Producers should never underestimate the value of a happy and well-trained workforce, AHDB says
It is often said that pigs are relatively easy to manage when compared to people, and that pig unit managers need another set of skills to nurture a skilled and enthusiastic team. How the pigs are cared for and perform is dependent on it.
People management is an ever- developing area and covers everything from recruitment, induction and appraisals to health and safety, as well as ongoing development, training and retention.
Looking after people can be challenging for any business and it needs some time set aside to put in place routines and training to help staff, and businesses, be as effective as possible.
AHDB Pork head of knowledge exchange Steve Dunkley said: “Brexit puts more priority on pig unit staffing, as it might lead to more staff changes, but people management is crucial to address irrespective of that. As new opportunities, technologies or ways of working come up to help develop UK pig farming, we’re also going to need people with the right skills and enthusiasm to make the most of them.”
FINDING THE RIGHT PEOPLE
Recruiting suitable staff is a challenge for individual pig businesses filling any immediate gaps and for the industry as a whole, which needs to find ways to attract new entrants.
The first thing is to thoroughly think through the type of person a role requires. This can be written down as a ‘person specification’, including the knowledge, qualifications, experience and attitude needed. It can be divided into essential and desirable attributes. There’s a template online in AHDB’s HR Toolkit that can be downloaded and edited.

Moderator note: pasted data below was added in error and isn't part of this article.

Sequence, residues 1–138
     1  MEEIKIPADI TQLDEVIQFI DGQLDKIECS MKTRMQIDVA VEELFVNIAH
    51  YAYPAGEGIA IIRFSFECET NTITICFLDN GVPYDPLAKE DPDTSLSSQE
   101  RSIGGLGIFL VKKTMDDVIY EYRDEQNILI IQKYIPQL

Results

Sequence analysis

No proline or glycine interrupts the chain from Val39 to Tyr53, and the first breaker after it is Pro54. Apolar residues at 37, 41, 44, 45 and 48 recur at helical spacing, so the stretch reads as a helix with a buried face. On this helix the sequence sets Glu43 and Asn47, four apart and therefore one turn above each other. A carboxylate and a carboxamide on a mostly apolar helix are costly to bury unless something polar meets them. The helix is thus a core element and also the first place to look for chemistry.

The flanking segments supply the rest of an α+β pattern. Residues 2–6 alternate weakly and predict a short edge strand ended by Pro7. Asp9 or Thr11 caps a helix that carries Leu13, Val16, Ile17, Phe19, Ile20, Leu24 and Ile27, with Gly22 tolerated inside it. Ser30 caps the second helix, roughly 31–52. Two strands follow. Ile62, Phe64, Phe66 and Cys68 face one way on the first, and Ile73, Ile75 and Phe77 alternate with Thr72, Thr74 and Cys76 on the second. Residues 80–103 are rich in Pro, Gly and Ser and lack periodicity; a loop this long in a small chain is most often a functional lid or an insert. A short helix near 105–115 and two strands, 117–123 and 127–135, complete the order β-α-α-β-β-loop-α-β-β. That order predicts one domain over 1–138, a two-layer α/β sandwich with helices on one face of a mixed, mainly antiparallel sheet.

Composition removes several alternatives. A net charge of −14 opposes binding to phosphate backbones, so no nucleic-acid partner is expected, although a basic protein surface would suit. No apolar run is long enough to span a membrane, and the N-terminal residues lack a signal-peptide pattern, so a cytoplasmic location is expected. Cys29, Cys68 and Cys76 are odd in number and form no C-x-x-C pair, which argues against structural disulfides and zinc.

Apprenticeships provide a possible route to both recruit and train new employees and the pig industry now has a stockperson apprenticeship, launched in April. It’s one of three new Trailblazer Apprenticeship schemes – crop technician, stockperson and packhouse line leader – put together jointly by AHDB, NFU and industry employers. The apprenticeships position farming careers next to a range of other industries, from broadcasting to transport.
These apprenticeships are open for employers to use, working closely with training providers who can assist with preparation and recruitment and throughout the apprenticeship itself.
Starting a new job can be daunting so taking the time to make sure a new employee is introduced to key people and understands what is expected of them will help make sure they are working effectively as quickly as possible. A clear, thorough induction will help ensure they can enjoy their work and that they feel settled and want to stay with the business.
It’s worth producing an induction manual, so employees can digest the information in their own time and refer back to it. The manual can include a farm plan and information on biosecurity along with visitor key contact details, health and safety, training and rewards.
TALKING ABOUT PERFORMANCE
Where businesses have introduced some form of appraisal system, it has nearly always increased motivation and improved employee performance.
Fundamentally, an appraisal meeting is a conversation to review and plan an employee’s performance and development. While appraisals can create apprehension, for both the appraisee and the manager, if done well, they should be motivational for all involved.